Consumption of meat and poultry has climbed markedly since the 1960s. In 1965, Americans consumed 175 pounds of meat and poultry. Today, that number stands at 219 pounds. Chicken and turkey consumption have more than doubled since 1965, while red meat consumption has declined slightly. In 2003 on a per capita basis, Americans consumed 81.5 pounds of chicken, 64.9 pounds of beef, 51.9 pounds of pork; 17.4 pounds of turkey, 1.2 pound of lamb; and .6 pounds of veal.
According to NPD Group, time spent preparing food dropped ten percent in the 1990s as home meal replacement and time saving appliances have become more popular. Todayâ€™s time-starved consumers can find quick and easy to cook cuts like boneless breast of chicken and turkey, as well as boneless chops and ready-made burgers to satisfy the need for quick and easy meals. Pre-marinated and pre-cooked products also speed cooking time.
The top ten lunch and dinner entrees in 1997, according to NPD group, were pizza, ham sandwich, peanut butter & jelly sandwich, hot dog, turkey sandwich, hamburger, macaroni and cheese, steak, baked chicken and bologna sandwich. The most popular entrees changed little from 1987 to 1997 and likely will remain consistent in the early part of the new millennium.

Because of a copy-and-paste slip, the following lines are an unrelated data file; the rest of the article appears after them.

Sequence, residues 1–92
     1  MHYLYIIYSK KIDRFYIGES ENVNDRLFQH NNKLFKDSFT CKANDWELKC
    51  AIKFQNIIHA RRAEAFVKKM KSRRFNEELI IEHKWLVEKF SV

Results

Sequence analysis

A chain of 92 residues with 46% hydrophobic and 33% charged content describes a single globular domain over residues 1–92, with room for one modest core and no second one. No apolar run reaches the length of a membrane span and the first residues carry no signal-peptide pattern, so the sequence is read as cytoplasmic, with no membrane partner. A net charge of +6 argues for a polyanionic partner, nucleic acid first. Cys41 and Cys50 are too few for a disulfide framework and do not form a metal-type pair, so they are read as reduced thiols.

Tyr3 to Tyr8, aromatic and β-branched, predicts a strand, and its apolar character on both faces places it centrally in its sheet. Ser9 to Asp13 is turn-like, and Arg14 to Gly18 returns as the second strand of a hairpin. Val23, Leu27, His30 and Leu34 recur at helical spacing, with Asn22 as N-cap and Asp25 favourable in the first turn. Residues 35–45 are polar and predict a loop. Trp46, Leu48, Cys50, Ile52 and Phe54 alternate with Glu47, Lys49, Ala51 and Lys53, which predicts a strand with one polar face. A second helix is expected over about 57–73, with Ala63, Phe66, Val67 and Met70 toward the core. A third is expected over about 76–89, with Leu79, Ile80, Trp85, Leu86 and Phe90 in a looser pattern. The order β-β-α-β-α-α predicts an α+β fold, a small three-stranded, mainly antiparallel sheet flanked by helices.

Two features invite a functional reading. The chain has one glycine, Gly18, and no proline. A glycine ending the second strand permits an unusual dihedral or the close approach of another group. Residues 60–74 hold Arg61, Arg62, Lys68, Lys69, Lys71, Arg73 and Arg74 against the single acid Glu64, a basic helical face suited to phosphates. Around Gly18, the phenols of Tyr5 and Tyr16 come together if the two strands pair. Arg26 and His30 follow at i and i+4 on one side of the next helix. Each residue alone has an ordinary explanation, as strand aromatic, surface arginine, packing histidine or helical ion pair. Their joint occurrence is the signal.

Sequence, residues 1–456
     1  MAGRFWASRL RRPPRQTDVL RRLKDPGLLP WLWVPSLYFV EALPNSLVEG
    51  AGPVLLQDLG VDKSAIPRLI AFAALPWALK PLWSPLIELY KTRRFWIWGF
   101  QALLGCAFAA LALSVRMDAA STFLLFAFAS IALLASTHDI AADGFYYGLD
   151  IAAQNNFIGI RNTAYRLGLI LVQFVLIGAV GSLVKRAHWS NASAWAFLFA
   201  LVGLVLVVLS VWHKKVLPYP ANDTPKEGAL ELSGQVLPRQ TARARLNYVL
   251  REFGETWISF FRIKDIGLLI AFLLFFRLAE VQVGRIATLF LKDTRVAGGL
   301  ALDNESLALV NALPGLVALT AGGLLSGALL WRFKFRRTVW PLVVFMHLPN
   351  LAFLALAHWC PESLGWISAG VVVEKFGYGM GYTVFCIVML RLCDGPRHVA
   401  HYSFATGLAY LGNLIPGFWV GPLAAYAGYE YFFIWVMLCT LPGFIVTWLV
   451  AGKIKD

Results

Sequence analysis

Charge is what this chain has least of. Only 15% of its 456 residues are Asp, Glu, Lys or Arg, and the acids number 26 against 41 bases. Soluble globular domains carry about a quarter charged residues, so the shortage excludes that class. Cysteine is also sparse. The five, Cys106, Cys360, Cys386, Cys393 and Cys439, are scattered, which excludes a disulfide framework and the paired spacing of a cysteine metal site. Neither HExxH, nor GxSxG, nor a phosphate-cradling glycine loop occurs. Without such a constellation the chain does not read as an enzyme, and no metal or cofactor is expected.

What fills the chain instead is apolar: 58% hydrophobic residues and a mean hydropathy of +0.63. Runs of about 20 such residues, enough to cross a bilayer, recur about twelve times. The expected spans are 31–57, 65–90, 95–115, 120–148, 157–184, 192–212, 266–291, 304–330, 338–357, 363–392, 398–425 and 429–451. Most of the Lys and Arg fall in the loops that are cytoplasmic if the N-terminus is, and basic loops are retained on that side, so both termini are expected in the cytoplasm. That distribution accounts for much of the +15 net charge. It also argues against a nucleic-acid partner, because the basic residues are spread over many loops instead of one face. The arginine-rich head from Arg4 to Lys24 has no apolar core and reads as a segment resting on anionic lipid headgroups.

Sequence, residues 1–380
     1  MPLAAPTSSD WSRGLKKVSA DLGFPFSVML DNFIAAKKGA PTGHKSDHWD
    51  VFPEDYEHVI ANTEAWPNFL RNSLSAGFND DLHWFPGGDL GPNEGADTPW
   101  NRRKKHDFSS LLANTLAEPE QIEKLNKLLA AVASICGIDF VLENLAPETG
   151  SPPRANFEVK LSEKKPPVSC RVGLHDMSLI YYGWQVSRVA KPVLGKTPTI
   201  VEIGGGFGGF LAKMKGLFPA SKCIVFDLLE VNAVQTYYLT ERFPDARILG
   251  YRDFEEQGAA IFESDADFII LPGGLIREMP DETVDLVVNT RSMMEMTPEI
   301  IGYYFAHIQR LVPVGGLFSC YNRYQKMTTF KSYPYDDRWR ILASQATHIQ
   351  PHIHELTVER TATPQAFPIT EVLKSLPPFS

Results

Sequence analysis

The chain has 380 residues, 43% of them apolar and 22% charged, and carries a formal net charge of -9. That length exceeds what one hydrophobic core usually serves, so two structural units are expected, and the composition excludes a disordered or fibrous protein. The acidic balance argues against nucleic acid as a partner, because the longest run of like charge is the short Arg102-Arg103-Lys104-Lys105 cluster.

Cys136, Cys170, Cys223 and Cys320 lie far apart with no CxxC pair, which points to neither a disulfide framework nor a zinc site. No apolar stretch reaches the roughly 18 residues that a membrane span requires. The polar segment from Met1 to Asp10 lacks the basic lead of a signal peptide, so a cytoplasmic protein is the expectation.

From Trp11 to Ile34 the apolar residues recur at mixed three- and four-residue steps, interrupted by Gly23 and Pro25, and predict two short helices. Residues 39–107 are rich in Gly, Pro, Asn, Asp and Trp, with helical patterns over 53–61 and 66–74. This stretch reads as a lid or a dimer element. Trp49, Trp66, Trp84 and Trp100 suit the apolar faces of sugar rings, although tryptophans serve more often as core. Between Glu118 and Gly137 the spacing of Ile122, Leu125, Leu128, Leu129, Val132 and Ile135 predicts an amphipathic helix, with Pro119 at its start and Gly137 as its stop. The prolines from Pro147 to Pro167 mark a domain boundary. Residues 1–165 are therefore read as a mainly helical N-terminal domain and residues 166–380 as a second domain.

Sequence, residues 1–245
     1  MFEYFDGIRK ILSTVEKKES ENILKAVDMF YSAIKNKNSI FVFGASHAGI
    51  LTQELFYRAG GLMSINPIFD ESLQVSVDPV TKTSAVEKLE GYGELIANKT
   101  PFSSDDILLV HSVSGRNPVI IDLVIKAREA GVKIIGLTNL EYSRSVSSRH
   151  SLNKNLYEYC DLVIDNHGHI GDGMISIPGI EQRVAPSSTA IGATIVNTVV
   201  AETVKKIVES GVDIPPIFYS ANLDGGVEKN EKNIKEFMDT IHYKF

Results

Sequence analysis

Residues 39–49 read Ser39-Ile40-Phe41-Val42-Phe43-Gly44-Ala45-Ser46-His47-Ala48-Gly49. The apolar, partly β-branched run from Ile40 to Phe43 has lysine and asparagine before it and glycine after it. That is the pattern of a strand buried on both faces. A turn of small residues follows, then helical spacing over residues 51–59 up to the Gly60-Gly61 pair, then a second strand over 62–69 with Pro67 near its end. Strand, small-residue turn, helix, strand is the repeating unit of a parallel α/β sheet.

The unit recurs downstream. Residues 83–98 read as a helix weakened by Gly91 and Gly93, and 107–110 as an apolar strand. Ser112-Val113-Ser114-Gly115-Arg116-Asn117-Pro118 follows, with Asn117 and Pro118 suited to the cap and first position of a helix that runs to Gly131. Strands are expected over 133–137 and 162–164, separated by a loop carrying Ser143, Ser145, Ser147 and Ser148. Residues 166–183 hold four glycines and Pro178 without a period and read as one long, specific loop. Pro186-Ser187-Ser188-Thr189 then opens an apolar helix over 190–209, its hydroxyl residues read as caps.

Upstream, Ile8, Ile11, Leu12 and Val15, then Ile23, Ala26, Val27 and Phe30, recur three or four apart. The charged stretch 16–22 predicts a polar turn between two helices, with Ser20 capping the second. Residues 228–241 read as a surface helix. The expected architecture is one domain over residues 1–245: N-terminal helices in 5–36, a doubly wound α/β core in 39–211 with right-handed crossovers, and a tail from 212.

While overall meat and poultry consumption has gone up, meat and poultry expenditures as a percent of disposable income continue to decline. In 1970, consumers spent 4.1 percent of their disposable income on meat and poultry. In 2004, that figure stands at 1.9 percent, according to the Bureau of Economic Analysis.
According to Information Resources Inc., 26 million Americans are on a low-carb diet and some 70 million are limiting their carb intake. The research shows that consumers who are trying to reduce their carb intake are looking at â€œproteinsâ€ like meat and poultry. With more people cutting carbs and boosting protein, it's important to know that beef, chicken and turkey are an excellent source of protein. Knowing more about meat and poultryâ€™s nutrition profile will help solve the protein puzzle and enable shoppers to make better-informed purchasing decisions.
Today, 82 percent of consumers are completely or mostly confident that the food in their supermarket is safe, according to the Food Marketing Instituteâ€™s (FMI) consumer trends study. Consumers are growing more aware of proper handling and cooking at home to ensure the quality and the safety of the food products. Consumers say they practice the following safety measures: wash hands and surfaces, wash vegetables, keep areas pest-free, clean food thoroughly and refrigerate food promptly.